Anjali Gibson, Visual Arts student standing in front of the unfinished mural at the decommissioned E.T Joshua Airport.
News
December 14, 2022
Young creatives make art at Decommissioned ET Joshua Airport

A group of young visual art students from the Thomas Saunders Secondary School, for the past four days, have been putting their creative talents to work on a mural at the decommissioned E.T Joshua Airport at Arnos Vale.

Under the keen supervision of Visual Arts teacher, Shaniq Stewart, the four students have been working diligently with a deadline in view- the mural is to be officially unveiled this weekend.

Shaniq Stewart, Visual Arts Teacher and owner of Beaux-arts by Shaniq Stewart.

SEARCHLIGHT’s keen eyes were attracted to the small group at their task on Tuesday, December 13, their colorfully spattered clothing bearing the evidence of their work.

For Anjali Gibson a third former “it has been a very fun experience because I love anything that has to do with art,” never mind, “it has been a little messy”.
While this has been Anjali’s first big project she has not found it to be unduly challenging other than for “slight aches” to her body.

The mural project is being undertaken by Shaniq Stewart who owns the company Beaux-artsby Shaniq Stewart.

She tells SEARCHLIGHT that in her down time at school she had been “looking for something that I can do because I’m not a person who likes to sit”.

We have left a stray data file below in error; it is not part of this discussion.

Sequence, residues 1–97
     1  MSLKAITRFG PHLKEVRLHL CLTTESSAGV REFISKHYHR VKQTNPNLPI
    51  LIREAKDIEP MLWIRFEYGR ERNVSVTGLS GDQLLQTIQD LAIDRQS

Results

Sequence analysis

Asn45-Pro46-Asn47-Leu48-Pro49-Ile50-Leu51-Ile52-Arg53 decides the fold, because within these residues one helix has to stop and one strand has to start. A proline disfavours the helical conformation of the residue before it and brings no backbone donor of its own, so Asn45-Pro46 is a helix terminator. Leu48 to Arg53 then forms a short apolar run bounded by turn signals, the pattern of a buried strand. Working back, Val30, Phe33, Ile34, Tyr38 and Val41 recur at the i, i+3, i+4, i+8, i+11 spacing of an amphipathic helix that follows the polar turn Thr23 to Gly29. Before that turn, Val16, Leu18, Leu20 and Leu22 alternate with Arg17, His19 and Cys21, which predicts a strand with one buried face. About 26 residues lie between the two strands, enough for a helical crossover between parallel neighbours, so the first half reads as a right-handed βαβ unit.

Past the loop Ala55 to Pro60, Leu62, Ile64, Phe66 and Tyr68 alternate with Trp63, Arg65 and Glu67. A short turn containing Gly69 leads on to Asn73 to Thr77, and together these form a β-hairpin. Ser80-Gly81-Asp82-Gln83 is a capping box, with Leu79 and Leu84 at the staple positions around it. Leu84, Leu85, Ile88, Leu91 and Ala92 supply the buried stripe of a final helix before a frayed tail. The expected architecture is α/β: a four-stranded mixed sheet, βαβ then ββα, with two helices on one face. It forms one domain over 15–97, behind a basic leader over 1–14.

She always had a desire to work with students but “never dreamed that could happen,”.

However, while on free time and ‘chilling’ she viewed the wall on the airport building and, “I said ‘you know what, that would be a great place for a mural’.”

There was some hesitancy at first trying to land this project because of restrictions she encountered previously, but felt deep within that “this time around…was the time it was supposed to happen”.

It has been about eight years since Shaniq has been in this field, though in the early years she “was basically doing charitable murals, then the jobs started pouring in and then that’s how it [her company] was birthed.”

Acknowledging that “this is a very unappreciated field”, Shaniq nevertheless has a vision for her students to be able to make a name and a living at home from their talent and expertise.

“We always have our talented people go out,” she notes, “so if I can have some of these children and show them the ropes and when the opportunities that are making themselves available now they are prepared to get them, then I feel like I’m doing my job in terms of preparing them for those opportunities”.